Perceiving Human Motion in Synthesized Images
Joseph D. Anderson
Jessica K. Hodgins
THE GOAL OF special-effects animators is to create on the computer portions of an event that can be intercut or composited with other portions of the event that were shot in live action, such that the computer-generated portions of the event are indistinguishable from the live-action portions. To achieve this goal is no small accomplishment, yet most of the feature films we see contain computer animation, and a good portion of that work passes our notice. The artists and technicians who work to create special effects have gotten very good at their jobs, yet they generally proceed by way of “making and matching” (see Gombrich, 1960, p. 29), and our theoretical understanding lags considerably behind their accomplishment.
If the problem is to match computer-generated images with photographed images, then the most obvious question is, what are the differences between the two images? One rudimentary difference is that there are more grains of silver halide in the picture area of the film than there are dots in the matrix of a standard computer image, giving greater picture resolution and a greater range in gray scale to the photograph. But perhaps much more important are those differences that accrue to the two types of images because of the way they are made. The computer-generated image is constructed; the film image is recorded. The question becomes: What are the differences between a constructed image and a recorded image?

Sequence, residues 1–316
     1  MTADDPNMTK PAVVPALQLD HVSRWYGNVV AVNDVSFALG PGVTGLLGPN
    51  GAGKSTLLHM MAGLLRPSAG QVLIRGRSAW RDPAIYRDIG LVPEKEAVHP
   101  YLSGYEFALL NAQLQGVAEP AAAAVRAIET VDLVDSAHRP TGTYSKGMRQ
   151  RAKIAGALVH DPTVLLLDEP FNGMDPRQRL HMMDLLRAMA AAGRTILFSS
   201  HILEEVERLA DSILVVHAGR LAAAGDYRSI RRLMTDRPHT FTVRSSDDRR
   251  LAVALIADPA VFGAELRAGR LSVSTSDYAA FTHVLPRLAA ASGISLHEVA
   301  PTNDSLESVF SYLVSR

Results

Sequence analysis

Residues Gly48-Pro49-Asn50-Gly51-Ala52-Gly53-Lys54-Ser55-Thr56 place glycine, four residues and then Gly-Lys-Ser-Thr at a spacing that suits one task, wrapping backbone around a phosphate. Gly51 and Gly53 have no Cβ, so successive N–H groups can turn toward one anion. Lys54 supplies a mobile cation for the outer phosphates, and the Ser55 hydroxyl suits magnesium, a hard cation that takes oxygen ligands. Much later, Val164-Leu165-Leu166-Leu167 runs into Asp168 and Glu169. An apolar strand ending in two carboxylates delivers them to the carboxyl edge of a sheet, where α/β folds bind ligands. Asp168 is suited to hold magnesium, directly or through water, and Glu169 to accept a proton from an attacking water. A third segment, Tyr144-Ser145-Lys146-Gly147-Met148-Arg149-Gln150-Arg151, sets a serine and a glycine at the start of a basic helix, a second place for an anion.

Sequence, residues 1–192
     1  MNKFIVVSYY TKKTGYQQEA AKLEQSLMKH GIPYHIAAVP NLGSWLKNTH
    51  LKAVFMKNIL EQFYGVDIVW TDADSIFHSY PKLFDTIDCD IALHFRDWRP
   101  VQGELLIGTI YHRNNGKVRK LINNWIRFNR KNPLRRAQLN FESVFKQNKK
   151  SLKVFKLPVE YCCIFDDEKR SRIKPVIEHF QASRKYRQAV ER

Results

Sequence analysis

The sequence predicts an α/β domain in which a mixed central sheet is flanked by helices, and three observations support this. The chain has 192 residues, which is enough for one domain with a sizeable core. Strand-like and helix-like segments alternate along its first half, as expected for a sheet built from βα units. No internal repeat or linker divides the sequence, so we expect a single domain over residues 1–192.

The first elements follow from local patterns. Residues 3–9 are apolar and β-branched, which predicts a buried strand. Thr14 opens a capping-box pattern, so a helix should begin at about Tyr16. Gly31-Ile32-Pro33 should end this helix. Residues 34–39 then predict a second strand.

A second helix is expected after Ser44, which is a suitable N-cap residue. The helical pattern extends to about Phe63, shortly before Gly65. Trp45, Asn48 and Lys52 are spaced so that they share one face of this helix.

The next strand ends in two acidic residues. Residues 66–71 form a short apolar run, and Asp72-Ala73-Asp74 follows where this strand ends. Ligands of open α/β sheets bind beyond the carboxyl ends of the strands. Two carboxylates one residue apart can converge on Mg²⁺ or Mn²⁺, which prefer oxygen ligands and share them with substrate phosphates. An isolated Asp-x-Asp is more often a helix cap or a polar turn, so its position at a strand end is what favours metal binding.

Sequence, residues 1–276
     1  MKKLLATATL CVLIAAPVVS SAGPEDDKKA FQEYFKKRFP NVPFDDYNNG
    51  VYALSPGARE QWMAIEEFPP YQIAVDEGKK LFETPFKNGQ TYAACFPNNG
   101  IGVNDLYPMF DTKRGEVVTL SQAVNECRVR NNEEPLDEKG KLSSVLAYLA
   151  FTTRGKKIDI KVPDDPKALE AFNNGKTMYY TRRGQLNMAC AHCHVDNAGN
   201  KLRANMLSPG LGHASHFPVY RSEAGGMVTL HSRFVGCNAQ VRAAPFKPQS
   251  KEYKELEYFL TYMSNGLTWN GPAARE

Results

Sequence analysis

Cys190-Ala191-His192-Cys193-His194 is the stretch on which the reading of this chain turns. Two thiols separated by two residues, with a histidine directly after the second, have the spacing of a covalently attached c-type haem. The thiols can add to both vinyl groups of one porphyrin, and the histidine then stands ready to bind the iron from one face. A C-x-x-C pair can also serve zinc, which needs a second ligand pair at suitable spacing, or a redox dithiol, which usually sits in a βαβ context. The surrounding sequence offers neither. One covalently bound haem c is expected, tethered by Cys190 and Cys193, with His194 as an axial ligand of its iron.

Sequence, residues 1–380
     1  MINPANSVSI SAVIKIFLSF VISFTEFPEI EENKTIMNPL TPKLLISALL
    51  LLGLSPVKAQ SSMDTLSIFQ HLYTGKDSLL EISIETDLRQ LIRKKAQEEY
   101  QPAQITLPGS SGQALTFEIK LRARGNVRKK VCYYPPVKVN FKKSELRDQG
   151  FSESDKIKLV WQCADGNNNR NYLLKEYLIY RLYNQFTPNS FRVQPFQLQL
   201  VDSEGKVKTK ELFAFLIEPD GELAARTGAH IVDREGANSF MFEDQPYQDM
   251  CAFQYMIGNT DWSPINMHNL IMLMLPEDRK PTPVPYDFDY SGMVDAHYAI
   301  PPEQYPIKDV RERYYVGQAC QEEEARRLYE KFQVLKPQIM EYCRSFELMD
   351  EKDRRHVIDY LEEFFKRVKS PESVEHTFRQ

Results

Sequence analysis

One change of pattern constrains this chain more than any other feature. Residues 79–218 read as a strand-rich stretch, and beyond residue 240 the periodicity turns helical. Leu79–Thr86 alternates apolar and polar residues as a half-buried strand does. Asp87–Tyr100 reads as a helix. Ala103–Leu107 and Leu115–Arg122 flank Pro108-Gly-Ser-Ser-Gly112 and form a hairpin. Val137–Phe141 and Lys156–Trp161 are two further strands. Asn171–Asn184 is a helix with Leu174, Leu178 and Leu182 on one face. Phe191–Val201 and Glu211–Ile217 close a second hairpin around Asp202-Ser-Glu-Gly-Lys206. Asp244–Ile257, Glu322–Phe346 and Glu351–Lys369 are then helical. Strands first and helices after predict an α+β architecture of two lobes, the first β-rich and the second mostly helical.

To achieve a computer image, objects and events are often modeled mathematically. The resulting image can be realistic because the world we know seems to follow physical laws and therefore to lend itself to mathematical description. In theory, the relationship between an object in the world and an object on the screen could be just as exact if created by mathematics as if created by the mechanical action of light rays—if it were not for the problem of specificity. When an event occurs in the world, the event itself is unique, and it produces a disturbance in the optic array that is also unique. However, the disturbance in the array is not a picture, not a “copy” of the event. The particular relationship that exists between the event and the corresponding disturbance in the optic array is one of specificity. The information in the optic array specifies the event. As James J. Gibson noted, “There are different kinds of disturbances for different kinds of events” (1979, p. 102). It is this problem of specificity with which the animator must deal.
For example, when a camera records the explosion of an automobile, a common event in the movies, the explosion occurs according to the laws of physics, the gases expand and combust in irregular patterns, and the car separates into millions of fragments of unpredictable shape and size that move on complex unpredictable paths. The camera records every detail of the event that can be seen from its point of view, and when the film is later projected on a screen, the viewer finds authenticity in the consistency of